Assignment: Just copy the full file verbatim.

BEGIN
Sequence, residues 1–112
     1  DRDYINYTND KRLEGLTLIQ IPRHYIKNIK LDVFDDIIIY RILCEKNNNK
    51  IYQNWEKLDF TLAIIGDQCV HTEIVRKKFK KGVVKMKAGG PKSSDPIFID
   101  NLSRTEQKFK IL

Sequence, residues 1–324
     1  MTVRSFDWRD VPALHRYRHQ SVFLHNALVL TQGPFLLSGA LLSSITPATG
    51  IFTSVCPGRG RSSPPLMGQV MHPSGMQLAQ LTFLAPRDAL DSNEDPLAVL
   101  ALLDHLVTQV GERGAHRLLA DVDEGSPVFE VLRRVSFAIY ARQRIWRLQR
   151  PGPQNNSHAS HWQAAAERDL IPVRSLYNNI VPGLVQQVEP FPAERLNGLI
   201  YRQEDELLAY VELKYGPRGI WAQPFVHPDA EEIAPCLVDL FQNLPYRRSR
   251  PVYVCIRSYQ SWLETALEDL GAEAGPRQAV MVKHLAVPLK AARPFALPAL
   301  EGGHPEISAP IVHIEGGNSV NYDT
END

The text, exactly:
Sequence, residues 1–112
     1  DRDYINYTND KRLEGLTLIQ IPRHYIKNIK LDVFDDIIIY RILCEKNNNK
    51  IYQNWEKLDF TLAIIGDQCV HTEIVRKKFK KGVVKMKAGG PKSSDPIFID
   101  NLSRTEQKFK IL

Sequence, residues 1–324
     1  MTVRSFDWRD VPALHRYRHQ SVFLHNALVL TQGPFLLSGA LLSSITPATG
    51  IFTSVCPGRG RSSPPLMGQV MHPSGMQLAQ LTFLAPRDAL DSNEDPLAVL
   101  ALLDHLVTQV GERGAHRLLA DVDEGSPVFE VLRRVSFAIY ARQRIWRLQR
   151  PGPQNNSHAS HWQAAAERDL IPVRSLYNNI VPGLVQQVEP FPAERLNGLI
   201  YRQEDELLAY VELKYGPRGI WAQPFVHPDA EEIAPCLVDL FQNLPYRRSR
   251  PVYVCIRSYQ SWLETALEDL GAEAGPRQAV MVKHLAVPLK AARPFALPAL
   301  EGGHPEISAP IVHIEGGNSV NYDT